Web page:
Copyright 1998 - N.C. Administrative Office of the Courts


STATE OF NORTH CAROLINA v. JULIAN SANTANO ROLLINS

No. COA98-140

(Filed 15 December 1998)

1.    Sentencing--structured sentencing--nonstatutory aggravating factor--attempting to dispose of evidence

    The trial court erred when sentencing defendant under Structured Sentencing for discharging a firearm into an occupied vehicle by finding as a nonstatutory aggravating factor that defendant attempted to dispose of evidence in that he gave the handgun used in the offense to someone else immediately after the offense. No law enforcement officers were present when defendant passed the firearm to another and no investigation had focused on defendant; passing the firearm to the other person lacks the characteristic of affirmative misconduct or active misrepresentation to law enforcement officials previously held to withdraw a nonstatutory factor from the constitutional protections of the right to plead not guilty and the privilege against self-incrimination.

2.    Sentecing--structured sentencing--nonstatutory aggravating factors--not specifically requested by the State

    In an appeal from a sentence for firing into an occupied vehicle which was reversed on other grounds, the Court of Appeals held that in Structured Sentencing proceedings the trial court may properly find nonstatutory aggravating factors not specifically requested by the State whether the circumstances supporting such factors are presented at trial, if the defendant pleads not guilty, or at the sentencing hearing. However, trial judges are admonished to exercise restraint when considering non- statutory aggravating factors after having found statutory factors.

3.    Appeal and Error--sanctions--violations of propriety

    The costs of the appeal of a criminal sentence were taxed to defense counsel pursuant to Rules of Appellate Procedure 35(a), 34(a), and 34(b) where defendant's brief was grossly lacking in the requirements of propriety, violated multiple appellate rules, and contained materials outside the record and biased arguments, neither of which provided any meaningful assistance to the Court of Appeals.

    Appeal by defendant from judgment entered 30 September 1997 by Judge James M. Webb in the Moore County Superior Court. Heard in the Court of Appeals 22 October 1998.

    Attorney General Michael F. Easley, by Assistant Attorney General J. Bruce McKinney, for the State.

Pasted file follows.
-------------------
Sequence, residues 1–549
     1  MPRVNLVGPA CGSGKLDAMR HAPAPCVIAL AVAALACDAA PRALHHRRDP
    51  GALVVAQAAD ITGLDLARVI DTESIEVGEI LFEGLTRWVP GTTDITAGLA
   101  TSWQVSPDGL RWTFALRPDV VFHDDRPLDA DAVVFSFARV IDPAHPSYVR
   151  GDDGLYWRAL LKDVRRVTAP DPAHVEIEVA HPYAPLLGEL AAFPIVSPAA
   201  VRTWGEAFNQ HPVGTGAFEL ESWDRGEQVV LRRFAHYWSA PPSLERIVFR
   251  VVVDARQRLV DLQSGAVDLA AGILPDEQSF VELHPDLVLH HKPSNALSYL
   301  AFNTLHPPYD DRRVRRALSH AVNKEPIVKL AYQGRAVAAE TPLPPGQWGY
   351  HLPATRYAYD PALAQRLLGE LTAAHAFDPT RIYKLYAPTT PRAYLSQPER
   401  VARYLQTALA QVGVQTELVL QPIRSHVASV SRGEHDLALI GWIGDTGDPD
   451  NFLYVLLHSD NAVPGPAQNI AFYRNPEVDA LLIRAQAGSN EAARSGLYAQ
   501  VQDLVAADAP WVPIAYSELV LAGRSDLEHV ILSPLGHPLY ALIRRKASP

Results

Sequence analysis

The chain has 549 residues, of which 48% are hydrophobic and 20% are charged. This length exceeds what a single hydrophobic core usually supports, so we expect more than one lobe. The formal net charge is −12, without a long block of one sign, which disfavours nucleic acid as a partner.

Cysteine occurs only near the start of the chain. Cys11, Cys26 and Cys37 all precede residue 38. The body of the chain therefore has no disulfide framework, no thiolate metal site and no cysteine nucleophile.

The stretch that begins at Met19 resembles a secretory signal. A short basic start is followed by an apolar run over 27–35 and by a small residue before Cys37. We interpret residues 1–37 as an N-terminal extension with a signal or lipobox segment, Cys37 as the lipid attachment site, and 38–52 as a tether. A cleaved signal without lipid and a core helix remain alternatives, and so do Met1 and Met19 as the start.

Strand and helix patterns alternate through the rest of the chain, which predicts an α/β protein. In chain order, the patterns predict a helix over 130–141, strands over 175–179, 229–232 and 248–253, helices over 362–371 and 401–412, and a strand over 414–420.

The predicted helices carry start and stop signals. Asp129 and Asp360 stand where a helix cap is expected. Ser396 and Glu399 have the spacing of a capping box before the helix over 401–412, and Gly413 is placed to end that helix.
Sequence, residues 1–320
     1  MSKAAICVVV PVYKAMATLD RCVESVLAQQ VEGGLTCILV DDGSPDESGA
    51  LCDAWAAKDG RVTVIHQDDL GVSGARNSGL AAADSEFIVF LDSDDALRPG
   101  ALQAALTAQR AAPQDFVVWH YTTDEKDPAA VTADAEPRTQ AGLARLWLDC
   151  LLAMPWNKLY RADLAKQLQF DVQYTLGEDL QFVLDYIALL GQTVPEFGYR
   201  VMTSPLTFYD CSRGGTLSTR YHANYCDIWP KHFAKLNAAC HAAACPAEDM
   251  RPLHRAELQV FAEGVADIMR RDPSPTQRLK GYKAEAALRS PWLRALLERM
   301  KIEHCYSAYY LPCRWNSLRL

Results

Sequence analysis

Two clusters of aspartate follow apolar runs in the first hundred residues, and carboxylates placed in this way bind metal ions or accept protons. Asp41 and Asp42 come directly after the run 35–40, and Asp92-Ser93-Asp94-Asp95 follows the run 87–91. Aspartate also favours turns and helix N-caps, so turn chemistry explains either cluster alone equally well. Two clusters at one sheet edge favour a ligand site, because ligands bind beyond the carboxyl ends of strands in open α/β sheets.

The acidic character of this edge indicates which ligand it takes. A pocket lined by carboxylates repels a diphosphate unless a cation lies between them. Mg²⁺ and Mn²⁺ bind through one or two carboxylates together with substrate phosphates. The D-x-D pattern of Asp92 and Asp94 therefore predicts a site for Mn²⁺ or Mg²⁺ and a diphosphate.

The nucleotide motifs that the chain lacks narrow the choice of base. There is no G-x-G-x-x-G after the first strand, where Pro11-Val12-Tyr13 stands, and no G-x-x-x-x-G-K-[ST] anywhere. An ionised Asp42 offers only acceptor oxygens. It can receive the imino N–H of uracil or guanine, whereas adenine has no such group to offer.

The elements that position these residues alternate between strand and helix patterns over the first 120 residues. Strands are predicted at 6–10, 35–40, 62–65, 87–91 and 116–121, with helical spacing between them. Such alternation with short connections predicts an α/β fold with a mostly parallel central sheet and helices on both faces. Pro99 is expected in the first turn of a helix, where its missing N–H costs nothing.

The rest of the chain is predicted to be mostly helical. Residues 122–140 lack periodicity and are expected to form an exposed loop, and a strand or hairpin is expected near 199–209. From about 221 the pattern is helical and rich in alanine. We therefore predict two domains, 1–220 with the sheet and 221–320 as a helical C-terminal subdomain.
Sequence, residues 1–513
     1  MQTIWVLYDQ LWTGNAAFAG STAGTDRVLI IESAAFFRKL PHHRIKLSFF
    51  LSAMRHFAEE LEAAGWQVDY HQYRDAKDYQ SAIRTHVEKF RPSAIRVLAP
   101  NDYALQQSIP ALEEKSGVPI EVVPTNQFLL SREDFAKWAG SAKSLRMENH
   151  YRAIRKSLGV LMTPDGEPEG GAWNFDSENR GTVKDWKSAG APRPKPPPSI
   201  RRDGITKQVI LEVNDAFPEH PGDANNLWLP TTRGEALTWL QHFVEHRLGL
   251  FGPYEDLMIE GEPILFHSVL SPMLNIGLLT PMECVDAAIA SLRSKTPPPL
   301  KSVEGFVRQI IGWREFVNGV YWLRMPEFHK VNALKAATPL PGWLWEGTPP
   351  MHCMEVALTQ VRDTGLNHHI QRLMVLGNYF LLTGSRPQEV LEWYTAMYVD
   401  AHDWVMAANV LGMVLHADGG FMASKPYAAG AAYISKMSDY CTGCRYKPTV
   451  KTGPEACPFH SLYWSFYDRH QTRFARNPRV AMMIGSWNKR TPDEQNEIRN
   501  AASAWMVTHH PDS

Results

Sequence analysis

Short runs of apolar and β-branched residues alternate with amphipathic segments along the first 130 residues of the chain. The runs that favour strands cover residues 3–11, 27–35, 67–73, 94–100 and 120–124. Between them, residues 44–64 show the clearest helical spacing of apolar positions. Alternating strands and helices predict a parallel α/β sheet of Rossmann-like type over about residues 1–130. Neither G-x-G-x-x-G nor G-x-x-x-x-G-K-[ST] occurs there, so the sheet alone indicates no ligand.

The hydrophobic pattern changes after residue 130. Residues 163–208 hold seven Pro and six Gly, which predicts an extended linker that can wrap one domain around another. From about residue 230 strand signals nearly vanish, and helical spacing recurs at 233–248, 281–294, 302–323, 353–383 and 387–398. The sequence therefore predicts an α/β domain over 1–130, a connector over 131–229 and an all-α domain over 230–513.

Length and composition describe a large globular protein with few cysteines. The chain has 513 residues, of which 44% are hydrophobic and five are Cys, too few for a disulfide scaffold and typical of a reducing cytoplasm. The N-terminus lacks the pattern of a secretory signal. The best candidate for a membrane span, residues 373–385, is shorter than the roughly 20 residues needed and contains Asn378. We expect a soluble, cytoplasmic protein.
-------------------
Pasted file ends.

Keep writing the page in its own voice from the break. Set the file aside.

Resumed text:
Cunningham, Dedmond, Petersen, Smith, by Bruce T. Cunningham,     Jr. , for defendant-appellant.

    JOHN, Judge.

    Defendant was tried before a jury during the 23 September 1997 session of Moore County Superior Court on indictments charging murder, discharging a firearm into an occupied vehicle, and assault with a deadly weapon with intent to kill inflicting serious injury . A t the close of the State's evidence, the trial court dismissed the murder count and defendant was subsequently convicted of misdemeanor assault with a deadly weapon and the remaining felony. On 30 September 1997, after finding one statutory and two non-statutory factors in aggravation of the felony sentence as well as two statutory mitigating factors, the trial court determined the former outweighed the latter and sentenced defendant to a minimum term of imprisonment of thirty- six months and a maximum term of fifty-three months on the felony conviction and forty-five days on the misdemeanor conviction.

     [1]Defendant maintains the trial court erred in finding the following non-statutory aggravating factor: "Defendant attempted to dispose of evidence in that he gave the 9mm handgun used to commit this offense to James Antonio Murchison immediately after commission of the offense." Notwithstanding defendant's violations of the North Carolina Rules of Appellate Procedure (the Rules) noted below, which violations subject his appeal to dismissal, see Wiseman v. Wiseman 68 N.C. App. 252, 255, 314 S.E.2d 566, 567-68 (1984)("Rules of Appellate Procedure are mandatory and failure to follow the rules subjects an appeal to dismissal"), we elect in our discretion to consider the merits thereof, see N.C.R. App. P. 2.

     Preliminarily, we note defendant's appellate brief includes no argument addressed to assignments of error one, two, five and seven. Accordingly, those assignments of error are deemed abandoned, see N.C.R. App. P. 28(b)(5)("[a]ssignments of error not set out in the appellate's brief . . . will be taken as abandoned"), and we do not discuss them.

    The felony offense of which defendant was convicted, discharging a firearm into an occupied vehicle in violation of N.C.G.S. § 14-34.1 (1997), was alleged to have occurred 16 October 1995. As such, sentencing for the offense was governed by the Structured Sentencing Act (SSA), found at N.C.G.S. § 15A- 1340.10 et seq. (1997). G.S. § 15A-1340.10 (SSA applies generally to offenses "that occur[red] on or after October 1, 1994").

    Under the SSA, a trial court may vary from the presumptive range of sentences for an offense specified in N.C.G.S. § 15A- 1340.17(c)(2)(1997) "[i]f the court finds that aggravating or mitigating factors exist." N.C.G.S. § 15A-1340.16(b)(1997).

        If the court finds that aggravating factors are present and are sufficient to outweigh any mitigating factors that are present, it may impose a sentence that is permitted by the aggravated range described in G.S. 15A- 1340.17(c)(4).

G.S. § 15A-1340.16(b).

    Statutory aggravating factors are set forth at G.S. § 15A- 1340.16(d); in addition to those specified, the trial court may also consider "[a]ny other aggravating factor reasonably related to the purposes of sentencing." G.S. § 15A 1340.16(d)(20). However, the trial court is not permitted to "consider as an aggravating factor the fact that the defendant exercised the right to a jury trial." G.S. § 15A-1340.16(d).